Curtis Smith ~ This Rising

The back­yard oak, branch­es that lad­der to the clouds. A cere­al aisle’s bright col­ors, your mother—for a moment—lost, and you for­get how to breathe. The blind man across the alley who knows your name. A red-haired boy who mocks your words. The hours you stand in front of the mir­ror, prac­tic­ing the place­ment of your tongue, hat­ing your voice, your face. The nights you dream of your house and the doors that lead to for­got­ten rooms. A blizzard’s drifts, your strug­gles to match your father’s foot­steps. The three-legged dog you stop to pet on your way home from school. The night your father twists your mother’s arm. The night she smash­es a plate and he ban­dages her hand. The night he packs his suit­case, his good­bye your North Star. The mir­ror. Your voice. Your face. Your mother’s tears. A tor­na­do blows in your bed­room win­dow, glass on your pil­low. The cru­ci­fix Jesus in your grandmother’s guest room. The TV news, mur­der, back­yard graves—“This world,” your moth­er says, chang­ing the chan­nel. The day you see an ambu­lance out­side the blind man’s house. The bank where your moth­er works, the man­ag­er who promis­es to take her to the Poconos, Atlantic City. The rock you throw at a boy because he has red hair. Your moth­er asleep on the couch, and you cov­er her with the afghan, slide off her shoes. The nights you have cere­al for din­ner. The nights you have cere­al for din­ner. The nights you have noth­ing. The train tracks where you sip your first beer. The girl who sits beside you in geom­e­try, the curve of her left breast in a winter’s worth of sweaters. The fight where your friend wres­tles you away, the punch­es you can’t stop throw­ing, a cir­cuit blown, his breath in your ear, “Cool it, man. Shit!” The girl you kiss and won­der if you’re doing it right. The girl who unzips your jeans and turns you to water. The girl you love who doesn’t love you back. The girl you say you love only to fuck her. The morn­ing you wake in jail, the night before lost. The bench you sit on at the com­mu­ni­ty col­lege cam­pus when you should be in class. Your mother’s back to you as she wash­es the dish­es, “I don’t know who you are any­more.” The car you stum­ble out of, the dri­ver a friend who’ll ten min­utes lat­er plow into a street­light. The weight of his cof­fin as you slide it into a hearse. The bed you share with his sis­ter, the grief and guilt and ecsta­sy, and per­haps this is what reli­gion feels like. The night she con­vinces you to take a hit, the smoke curl­ing off the foil, the rush that turns the world soft and slow, and per­haps this is what reli­gion feels like. The nights you stare at each oth­er upon a shared pil­low. The nights you talk about help­ing her kick and the dis­com­fort of imag­in­ing your own hap­pi­ness. The night she karaokes “More Than a Woman.” The morn­ing you wake to find her blue and cold. The black eye her father gives you, and if he want­ed to do worse, you wouldn’t have lift­ed your hands. The feel­ing that you’re both emp­ty and full to burst­ing and not under­stand­ing which makes you feel like a liar. The warehouse’s chill and fumes, and your body moves but not your spir­it. The nights you return to your old neigh­bor­hood just to walk, think­ing of a blind man, a three-legged dog. The papers you sign at the recruiter’s office and your smile as you tell him it’s either this or a bul­let through your head. The good­bye prayers your moth­er offers, your hand in hers, and you’re tak­en back, her ban­daged hand, the hurt you’ve brought, and you’re sor­ry, so sor­ry. The bus ride to the base, and no one talks, and out­side your win­dow, the flat­lands and pine trees, the green and blue and white that erase all you know. The base’s paint­ed lines, a barber’s two-minute shear­ing, and every spit­tle-fly­ing time your drill sergeant calls you a fuck-up, you lose your­self a lit­tle more. The day your feet bleed. The day you crawl through the muck as live rounds zing over­head. The let­ters your moth­er sends—there’s always been a light around you. The scream that burns your throat as you charge across a smoky field and thrust a bay­o­net into a stack of tires, and here, final­ly, is your reli­gion. This shed­ding. This rebirth. This rising.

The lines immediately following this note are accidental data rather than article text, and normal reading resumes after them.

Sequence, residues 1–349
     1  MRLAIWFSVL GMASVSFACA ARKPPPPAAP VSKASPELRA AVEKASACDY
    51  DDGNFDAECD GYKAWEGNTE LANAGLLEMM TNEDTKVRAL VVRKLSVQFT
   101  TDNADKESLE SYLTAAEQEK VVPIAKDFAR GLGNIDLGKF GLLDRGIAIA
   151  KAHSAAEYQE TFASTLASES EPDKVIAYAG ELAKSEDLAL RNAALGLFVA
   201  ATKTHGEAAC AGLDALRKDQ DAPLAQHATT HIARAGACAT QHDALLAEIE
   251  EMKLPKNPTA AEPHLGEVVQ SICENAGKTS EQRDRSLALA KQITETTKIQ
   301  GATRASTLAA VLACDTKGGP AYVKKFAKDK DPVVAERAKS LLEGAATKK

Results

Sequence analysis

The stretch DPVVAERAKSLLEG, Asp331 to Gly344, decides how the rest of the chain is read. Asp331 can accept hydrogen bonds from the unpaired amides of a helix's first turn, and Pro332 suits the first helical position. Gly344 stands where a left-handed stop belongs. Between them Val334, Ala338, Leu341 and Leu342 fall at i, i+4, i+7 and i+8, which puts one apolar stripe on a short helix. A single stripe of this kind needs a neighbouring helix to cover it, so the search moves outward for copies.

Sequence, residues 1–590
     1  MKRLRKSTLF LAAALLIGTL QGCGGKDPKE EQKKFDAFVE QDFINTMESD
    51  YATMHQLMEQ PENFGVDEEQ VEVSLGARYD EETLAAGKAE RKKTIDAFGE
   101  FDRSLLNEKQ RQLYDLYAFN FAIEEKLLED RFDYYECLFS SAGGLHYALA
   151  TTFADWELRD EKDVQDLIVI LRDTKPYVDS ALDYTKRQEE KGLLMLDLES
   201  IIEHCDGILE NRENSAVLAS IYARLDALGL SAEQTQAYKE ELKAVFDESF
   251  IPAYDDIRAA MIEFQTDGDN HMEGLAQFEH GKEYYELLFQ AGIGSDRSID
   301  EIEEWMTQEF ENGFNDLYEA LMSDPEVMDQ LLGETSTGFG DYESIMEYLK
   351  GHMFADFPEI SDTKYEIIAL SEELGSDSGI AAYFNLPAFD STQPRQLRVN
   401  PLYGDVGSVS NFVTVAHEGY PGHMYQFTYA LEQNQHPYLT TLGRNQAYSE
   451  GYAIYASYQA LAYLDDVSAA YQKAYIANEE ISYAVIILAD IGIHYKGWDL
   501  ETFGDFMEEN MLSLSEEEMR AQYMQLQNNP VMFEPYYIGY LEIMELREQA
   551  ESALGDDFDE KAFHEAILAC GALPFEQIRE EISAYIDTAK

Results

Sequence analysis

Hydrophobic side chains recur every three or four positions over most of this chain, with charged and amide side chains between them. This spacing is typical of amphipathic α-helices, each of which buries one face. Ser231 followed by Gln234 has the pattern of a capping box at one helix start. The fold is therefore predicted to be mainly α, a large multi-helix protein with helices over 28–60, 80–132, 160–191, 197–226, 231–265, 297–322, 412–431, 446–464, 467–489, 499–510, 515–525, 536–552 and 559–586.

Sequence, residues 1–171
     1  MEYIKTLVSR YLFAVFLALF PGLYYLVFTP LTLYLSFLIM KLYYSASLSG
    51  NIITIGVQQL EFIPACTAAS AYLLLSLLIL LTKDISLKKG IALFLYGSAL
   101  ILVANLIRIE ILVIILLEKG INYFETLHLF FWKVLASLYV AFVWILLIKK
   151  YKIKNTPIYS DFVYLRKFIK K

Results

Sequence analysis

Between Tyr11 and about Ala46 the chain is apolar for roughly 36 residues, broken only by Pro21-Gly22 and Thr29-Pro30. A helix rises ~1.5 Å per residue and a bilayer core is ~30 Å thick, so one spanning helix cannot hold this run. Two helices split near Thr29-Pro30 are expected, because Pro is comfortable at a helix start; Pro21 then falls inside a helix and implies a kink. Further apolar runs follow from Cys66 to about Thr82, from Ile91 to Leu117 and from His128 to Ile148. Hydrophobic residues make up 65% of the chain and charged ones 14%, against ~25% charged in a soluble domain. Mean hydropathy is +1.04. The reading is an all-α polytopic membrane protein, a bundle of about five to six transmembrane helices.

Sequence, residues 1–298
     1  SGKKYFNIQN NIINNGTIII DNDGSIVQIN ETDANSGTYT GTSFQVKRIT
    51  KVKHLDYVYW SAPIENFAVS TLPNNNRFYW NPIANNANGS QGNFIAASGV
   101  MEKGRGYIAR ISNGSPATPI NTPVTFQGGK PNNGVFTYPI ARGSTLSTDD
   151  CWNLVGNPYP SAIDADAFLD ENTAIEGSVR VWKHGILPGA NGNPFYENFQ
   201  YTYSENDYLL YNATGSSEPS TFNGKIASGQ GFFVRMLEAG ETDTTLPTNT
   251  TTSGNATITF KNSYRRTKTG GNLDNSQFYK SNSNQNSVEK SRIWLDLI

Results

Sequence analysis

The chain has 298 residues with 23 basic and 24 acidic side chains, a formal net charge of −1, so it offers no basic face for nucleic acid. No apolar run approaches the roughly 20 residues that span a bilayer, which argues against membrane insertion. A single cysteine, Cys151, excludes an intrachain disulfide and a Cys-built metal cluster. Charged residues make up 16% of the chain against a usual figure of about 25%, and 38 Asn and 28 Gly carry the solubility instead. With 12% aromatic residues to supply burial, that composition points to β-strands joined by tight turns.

Curtis Smith’s sto­ries and essays have appeared in over one hun­dred lit­er­ary jour­nals and have been cit­ed by The Best American Short Stories, The Best American Mystery Stories, The Best American Spiritual Writing, The Best Small Fictions, The Best Microfictions, and the Norton anthol­o­gy, New Micro. He’s pub­lished thir­teen books with inde­pen­dent presses–five sto­ry col­lec­tions, five nov­els, two essay col­lec­tions, and one book of cnf. His lat­est nov­el, The Magpie’s Return, was named an indie pick of 2020 by Kirkus. His next nov­el, The Lost and the Blind, will be released in 2023.